This is the ninth post in a series titled: Earthquakes… Signs of the Times? I invite you to read the rest of the series here to catch up (the first post would be extremely helpful)…
So far we have examined some “big picture” themes from Mark 13. Our next step is to attempt to place the text within context of the canon of Scripture. In regards to issues of meaning, we made an interpretive decision to give the whole of the chapter to pertaining to the events leading up to the destruction of the Temple. Often, this Mark 13 is viewed as ‘signs of the times’—the “end times”—so disasters in our day (i.e. Haitian earthquake) are easily mistaken for indications that the so-called rapture and Tribulation are near. Having deconstructed the ability to attribute the text to futurist views, the question alluded to above remains: If this passage does not speak of the end and the second coming of Christ, are we still able to speak of his second advent with confidence? In order to answer this question, we need to look at the biblical narrative for clues to how this all fits together.
The bible is a story that is moving from creation to new creation. And just because Mark 13 does not speak of the “second coming,” that does not mean that the narrative of Scripture does not move in that direction. This remains true even if one chooses to embrace the view that Jesus never spoke directly of his “second coming” during his earthly ministry. In Luke’s second volume, after Jesus ascends into heaven, the angel informs the disciples that he “who has been taken from you into heaven, will come back in the same way you have seen him go into heaven” (Acts 1.10). So, the belief in the second coming was clearly there, but notice that the angel declares it only after Jesus has ascended.
There is a key text that deserves some attention that will help us understand this concept a bit more. It is the famous passage in 1 Thessalonians 4.16-17 which reads:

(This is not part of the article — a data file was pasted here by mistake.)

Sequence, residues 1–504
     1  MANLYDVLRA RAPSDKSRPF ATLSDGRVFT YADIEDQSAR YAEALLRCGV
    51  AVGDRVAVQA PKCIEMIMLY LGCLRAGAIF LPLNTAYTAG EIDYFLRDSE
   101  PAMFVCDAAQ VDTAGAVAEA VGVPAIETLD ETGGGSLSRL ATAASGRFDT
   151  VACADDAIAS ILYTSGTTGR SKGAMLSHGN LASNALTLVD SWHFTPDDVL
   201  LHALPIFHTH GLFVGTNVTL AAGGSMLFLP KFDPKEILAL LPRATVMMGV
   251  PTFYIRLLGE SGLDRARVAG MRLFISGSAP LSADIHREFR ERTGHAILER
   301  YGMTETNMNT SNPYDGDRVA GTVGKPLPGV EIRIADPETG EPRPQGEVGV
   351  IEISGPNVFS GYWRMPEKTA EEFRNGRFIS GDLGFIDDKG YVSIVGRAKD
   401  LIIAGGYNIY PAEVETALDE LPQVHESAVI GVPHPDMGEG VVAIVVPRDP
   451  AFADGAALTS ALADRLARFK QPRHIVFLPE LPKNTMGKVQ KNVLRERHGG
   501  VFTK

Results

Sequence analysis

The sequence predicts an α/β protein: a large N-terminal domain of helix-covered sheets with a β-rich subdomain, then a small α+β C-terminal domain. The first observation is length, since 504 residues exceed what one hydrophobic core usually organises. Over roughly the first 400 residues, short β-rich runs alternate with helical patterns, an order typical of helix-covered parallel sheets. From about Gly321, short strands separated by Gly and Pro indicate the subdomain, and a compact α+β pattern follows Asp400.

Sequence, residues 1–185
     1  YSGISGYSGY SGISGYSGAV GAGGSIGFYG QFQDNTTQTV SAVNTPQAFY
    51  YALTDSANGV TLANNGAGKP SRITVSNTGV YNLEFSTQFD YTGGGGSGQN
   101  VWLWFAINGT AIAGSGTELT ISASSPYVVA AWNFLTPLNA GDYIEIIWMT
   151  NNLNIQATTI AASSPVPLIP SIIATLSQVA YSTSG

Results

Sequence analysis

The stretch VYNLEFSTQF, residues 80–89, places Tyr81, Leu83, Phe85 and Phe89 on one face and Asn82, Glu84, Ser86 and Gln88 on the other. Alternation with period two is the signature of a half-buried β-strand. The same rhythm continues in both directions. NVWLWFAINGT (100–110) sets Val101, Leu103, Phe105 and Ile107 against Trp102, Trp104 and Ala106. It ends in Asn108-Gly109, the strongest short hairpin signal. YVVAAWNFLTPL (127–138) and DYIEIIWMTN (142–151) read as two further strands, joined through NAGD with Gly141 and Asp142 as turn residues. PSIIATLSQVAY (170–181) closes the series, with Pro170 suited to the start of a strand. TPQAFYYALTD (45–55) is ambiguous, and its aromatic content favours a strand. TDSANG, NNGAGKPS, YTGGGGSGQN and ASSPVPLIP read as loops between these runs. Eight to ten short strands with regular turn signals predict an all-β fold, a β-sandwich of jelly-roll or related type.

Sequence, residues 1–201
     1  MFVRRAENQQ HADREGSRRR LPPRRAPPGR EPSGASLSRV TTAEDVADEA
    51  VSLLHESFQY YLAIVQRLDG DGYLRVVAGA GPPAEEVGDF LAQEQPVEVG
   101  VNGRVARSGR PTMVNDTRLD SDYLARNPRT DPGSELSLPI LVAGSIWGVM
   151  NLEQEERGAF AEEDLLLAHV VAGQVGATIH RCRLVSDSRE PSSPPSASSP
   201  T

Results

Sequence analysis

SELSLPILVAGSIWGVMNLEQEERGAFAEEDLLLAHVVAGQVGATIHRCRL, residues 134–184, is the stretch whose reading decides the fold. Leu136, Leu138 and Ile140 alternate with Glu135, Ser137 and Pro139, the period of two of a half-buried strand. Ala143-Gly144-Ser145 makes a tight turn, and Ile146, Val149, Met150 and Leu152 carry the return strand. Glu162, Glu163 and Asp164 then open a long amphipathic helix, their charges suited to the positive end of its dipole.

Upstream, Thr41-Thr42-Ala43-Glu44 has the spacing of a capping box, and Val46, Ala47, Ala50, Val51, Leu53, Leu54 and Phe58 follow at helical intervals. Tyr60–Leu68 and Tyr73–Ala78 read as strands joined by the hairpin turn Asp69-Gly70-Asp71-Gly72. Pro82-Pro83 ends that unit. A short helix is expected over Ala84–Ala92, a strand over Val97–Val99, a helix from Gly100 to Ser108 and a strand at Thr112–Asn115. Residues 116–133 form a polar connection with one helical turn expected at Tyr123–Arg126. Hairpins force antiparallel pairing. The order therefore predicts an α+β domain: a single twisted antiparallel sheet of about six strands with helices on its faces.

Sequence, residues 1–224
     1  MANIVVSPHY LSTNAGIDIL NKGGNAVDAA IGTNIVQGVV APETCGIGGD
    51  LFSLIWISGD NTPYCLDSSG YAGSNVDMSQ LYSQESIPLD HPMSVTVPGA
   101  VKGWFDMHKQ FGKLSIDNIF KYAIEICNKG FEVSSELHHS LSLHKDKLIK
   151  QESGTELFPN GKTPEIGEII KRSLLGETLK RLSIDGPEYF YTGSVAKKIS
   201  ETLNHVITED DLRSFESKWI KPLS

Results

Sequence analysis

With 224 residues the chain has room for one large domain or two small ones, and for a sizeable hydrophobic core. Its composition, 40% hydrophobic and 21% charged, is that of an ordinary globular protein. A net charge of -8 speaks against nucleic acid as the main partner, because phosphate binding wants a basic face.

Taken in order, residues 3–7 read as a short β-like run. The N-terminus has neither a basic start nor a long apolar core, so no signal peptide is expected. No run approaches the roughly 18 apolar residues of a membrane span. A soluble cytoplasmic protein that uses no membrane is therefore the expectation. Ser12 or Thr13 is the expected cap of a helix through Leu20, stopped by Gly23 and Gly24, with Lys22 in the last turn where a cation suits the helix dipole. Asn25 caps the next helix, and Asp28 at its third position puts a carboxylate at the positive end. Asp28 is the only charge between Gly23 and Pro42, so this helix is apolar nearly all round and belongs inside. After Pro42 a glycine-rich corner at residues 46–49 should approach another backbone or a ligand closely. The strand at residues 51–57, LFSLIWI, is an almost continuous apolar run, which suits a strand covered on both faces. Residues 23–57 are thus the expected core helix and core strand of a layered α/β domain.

For the Lord himself will come down from heaven, with a loud command, with the voice of the archangel and with the trumpet call of God, and the dead in Christ will rise first. After that, we who are still alive and are left will be caught up together with them in the clouds to meet the Lord in the air. And so we will be with the Lord forever.
Briefly, let’s look at this text that has some resemblances to the words of Jesus in Mark 13. In this passage, Paul borrows specific images from the Old Testament that would have been familiar to Jewish converts and Gentiles who were familiarizing themselves with the Hebrew tradition. He also mixes his metaphors and includes first century imagery. Some images that Paul employs are that of Moses coming down from Mount Sinai with the Law, and that of a visiting emperor. The image that is relevant to our discussion, is taken from Daniel 7 where the “one like a son of man coming with the clouds of heaven” and the community he represents is vindicated over the enemies of the people of God. The idea that was used to describe Jesus’ own vindication after the destruction of the Temple, in Paul is applied to Christians who are facing various forms of persecution. After a time of suffering, when Christ returns, Christians will be raised up above all the enemies of God on the “clouds” to be with him in the glory of a restored creation. This is not about being secretly raptured out of this world on literal clouds, but simply invokes the image of Daniel 7 and applies the literary devise to the Church.
What this means is that as Christians, we still await the second coming of Jesus Christ who will restore all things in creation by resurrecting believers to eternal life, judging all evil, and uniting heaven and earth (Rev 21-22, Romans 8, etc.). This is an eschatological event described in Acts, 1 Thessalonians, and several other places that will be fulfilled in God’s own timetable. But, there is no reason to believe that this will be accompanied by a great Tribulation where an anti-Christ figure will wreak havoc on the planet. There is not room for this in the biblical narrative. The biblical story of God’s faithfulness to complete the creation project will be good news when it arrives, not the manifestation of cosmic chaos often attributed to Mark 13.
If this is indeed the case, how does this help the church to be a broker of hope in our culture rather than being “doom & gloom” prophets?
. N. T. Wright, Surprised By Hope: Rethinking Heaven, The Resurrection, and The Mission of The Church(New York: HarperCollins Publishers, 2008), 125.
. Ibid., 131-32.